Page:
Outsourcing Justice

California: The Wild, Wild West of Arbitration Law

The California Supreme Court recently issued a decision following its tradition of finding creative ways to avoid FAA preemption.  The court’s analysis provides an interesting blueprint for other states to develop consumer and employee protection statutes that can avoid the the steamroller of FAA preemption.

In McGill v. Citibank, No. S224086 (Cal. Apr. 6, 2017) (click here for a copy of the decision), the California Supreme Court held that “a provision in a predispute arbitration agreement that waives the right to seek [public injunctive relief] in any forum” is not enforceable under California law, and the FAA does not preempt this California rule.

The plaintiff in this case, a Citibank cardholder, filed a class action against Citibank regarding its credit insurance program.  Under this program, a customer’s credit card payments are deferred or forgiven based on certain events like disability or unemployment.   The plaintiff’s lawsuit sought, inter alia, an injunction prohibiting Citibank from continuing to engage in allegedly deceptive business practices regarding its credit insurance program.

The arbitration clause at issue precluded Citibank customers from seeking public injunctive relief in any manner, whether in arbitration, in court, or any other forum.  The California Supreme Court held that this waiver of the right to seek public injunctive relief is invalid under California law.  The court reached its decision by relying on a general California statute providing that “a law established for a public reason cannot be contravened by a private agreement.”  The court explained that the public injunctive relief available under several California consumer protection statutes is primarily for the public benefit.  As a result, because a law established for the public cannot be contravened by a private agreement, the court reasoned that a waiver of the right to assert public injunctive relief is invalid and unenforceable.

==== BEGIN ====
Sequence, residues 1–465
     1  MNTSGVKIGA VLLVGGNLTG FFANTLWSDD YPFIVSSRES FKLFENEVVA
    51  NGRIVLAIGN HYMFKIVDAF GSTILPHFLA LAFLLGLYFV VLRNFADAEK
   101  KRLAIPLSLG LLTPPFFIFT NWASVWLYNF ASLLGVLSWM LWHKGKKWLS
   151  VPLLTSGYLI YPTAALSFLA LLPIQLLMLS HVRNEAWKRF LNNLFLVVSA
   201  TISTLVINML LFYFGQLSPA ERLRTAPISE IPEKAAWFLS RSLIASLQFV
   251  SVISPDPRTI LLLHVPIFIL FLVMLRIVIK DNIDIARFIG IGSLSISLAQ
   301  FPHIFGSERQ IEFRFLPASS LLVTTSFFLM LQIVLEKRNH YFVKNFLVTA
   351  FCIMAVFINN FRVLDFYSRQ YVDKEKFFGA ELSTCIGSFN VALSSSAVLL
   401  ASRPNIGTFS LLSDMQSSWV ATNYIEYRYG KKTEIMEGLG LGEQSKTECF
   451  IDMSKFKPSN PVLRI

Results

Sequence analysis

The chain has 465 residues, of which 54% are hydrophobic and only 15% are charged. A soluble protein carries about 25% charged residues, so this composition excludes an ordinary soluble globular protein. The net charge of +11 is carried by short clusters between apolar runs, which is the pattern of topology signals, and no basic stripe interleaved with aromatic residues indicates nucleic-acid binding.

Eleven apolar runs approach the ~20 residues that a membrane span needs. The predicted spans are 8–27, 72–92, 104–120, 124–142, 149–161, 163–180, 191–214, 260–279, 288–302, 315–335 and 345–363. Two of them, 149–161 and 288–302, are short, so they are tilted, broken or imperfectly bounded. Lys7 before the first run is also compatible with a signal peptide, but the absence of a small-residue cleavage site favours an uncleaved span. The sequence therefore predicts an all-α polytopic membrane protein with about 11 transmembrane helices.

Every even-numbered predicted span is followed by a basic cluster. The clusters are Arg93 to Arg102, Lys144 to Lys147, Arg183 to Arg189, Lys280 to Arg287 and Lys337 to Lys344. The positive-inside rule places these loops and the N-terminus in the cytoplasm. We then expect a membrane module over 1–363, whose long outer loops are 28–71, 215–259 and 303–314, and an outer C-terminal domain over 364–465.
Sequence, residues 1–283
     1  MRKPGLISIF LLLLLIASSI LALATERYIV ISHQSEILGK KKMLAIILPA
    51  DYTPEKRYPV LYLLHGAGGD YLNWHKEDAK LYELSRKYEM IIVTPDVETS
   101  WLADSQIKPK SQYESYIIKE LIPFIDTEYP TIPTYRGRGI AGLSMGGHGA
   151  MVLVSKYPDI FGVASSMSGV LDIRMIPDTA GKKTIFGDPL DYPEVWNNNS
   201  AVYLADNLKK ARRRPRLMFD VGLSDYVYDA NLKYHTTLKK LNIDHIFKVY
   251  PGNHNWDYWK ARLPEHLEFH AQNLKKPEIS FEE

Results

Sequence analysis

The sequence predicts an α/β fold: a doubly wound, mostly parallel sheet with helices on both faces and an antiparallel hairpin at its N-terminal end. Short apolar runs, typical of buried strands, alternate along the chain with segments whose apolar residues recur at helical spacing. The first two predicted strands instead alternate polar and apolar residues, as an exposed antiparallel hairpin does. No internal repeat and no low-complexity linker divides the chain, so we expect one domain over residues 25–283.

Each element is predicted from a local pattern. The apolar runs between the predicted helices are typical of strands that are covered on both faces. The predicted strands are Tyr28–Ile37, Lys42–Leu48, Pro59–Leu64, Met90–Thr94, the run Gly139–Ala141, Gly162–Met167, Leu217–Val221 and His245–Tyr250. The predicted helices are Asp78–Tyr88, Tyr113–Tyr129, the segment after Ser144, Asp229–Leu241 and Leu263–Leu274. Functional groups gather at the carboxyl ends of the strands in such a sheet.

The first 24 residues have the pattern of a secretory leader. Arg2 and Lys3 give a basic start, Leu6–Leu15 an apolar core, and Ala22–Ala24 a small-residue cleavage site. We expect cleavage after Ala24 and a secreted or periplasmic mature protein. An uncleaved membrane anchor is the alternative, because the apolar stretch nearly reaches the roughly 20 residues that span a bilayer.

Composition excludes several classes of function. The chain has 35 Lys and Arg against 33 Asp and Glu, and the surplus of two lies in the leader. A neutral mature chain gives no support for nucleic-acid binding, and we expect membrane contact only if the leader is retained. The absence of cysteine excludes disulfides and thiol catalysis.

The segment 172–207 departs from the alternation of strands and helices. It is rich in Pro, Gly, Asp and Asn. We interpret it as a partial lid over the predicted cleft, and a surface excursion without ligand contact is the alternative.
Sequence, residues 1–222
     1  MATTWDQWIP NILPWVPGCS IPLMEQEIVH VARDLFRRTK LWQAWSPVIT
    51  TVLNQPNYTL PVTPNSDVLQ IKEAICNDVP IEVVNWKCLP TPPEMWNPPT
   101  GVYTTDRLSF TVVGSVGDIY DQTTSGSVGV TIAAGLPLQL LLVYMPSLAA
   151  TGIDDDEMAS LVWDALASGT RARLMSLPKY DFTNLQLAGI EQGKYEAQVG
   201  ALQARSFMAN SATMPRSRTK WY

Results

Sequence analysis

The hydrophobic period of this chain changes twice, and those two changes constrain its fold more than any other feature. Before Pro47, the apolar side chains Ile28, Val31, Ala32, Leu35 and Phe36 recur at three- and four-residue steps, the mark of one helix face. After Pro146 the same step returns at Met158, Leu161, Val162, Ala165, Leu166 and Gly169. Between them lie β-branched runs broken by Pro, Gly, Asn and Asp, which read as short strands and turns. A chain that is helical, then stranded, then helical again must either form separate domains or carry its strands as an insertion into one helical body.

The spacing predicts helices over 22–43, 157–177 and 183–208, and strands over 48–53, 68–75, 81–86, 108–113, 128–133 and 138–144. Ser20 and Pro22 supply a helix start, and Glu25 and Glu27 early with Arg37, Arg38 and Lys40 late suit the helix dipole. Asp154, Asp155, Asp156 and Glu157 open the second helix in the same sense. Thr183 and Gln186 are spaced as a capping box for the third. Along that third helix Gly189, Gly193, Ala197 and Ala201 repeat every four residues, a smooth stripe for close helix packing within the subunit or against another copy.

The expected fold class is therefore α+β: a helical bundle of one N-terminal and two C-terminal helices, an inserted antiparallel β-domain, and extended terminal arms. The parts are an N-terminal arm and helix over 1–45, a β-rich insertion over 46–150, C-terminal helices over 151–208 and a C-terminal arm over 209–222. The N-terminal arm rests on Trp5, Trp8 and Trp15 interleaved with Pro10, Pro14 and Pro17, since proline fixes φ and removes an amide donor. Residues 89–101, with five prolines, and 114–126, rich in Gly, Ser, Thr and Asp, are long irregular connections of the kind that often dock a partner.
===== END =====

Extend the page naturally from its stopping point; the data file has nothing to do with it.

Regarding the court’s analysis of FAA preemption, the court reasoned that the anti-waiver law at issue (“a law established for a public reason cannot be contravened by a private agreement”) applies to any contract.  In other words, a waiver of the right to seek public injunctive relief is invalid, regardless of whether the waiver is found in an arbitration clause or in any other contract.  Because this state law defense or anti-waiver law applies to ALL contracts, not just to arbitration clauses, the California Supreme Court held that the FAA does not preempt this state law due to the savings clause in section 2 of the FAA.

Also, aside from the California anti-waiver law, the California Supreme Court creatively relied on the effective vindication doctrine from the U.S. Supreme Court’s American Express case, which suggested that an arbitration clause cannot waive statutory rights or remedies.  Citing this Amex decision, the California Supreme Court explained that the arbitration clause at issue violated the effective vindication doctrine because the arbitration clause improperly waived the right to pursue public injunctive relief.

The US Supreme Court’s landmark decision in AT&T v. Concepcion, which sets forth a very broad doctrine of FAA preemption, was of course a concern in this case.  But the California Supreme Court found a creative way to distinguish Concepcion.  The state law at issue in Concepcion involved the procedural device of a class action, and imposing class action procedures on an arbitration would transform the fundamental nature of arbitration according to the Concepcion decision.  However, the state law at issue in McGill does not involve procedural devices which could interfere with the procedural simplicity of arbitration and instead involves the remedy of a public injunction.  The court reasoned that allowing parties to seek public injunctive relief will not interfere with the fundamental attributes of arbitration.

If this case survives US Supreme Court review, other states could adopt similar consumer and employee protection statutes allowing for public injunctive relief and avoid the juggernaut of FAA preemption.

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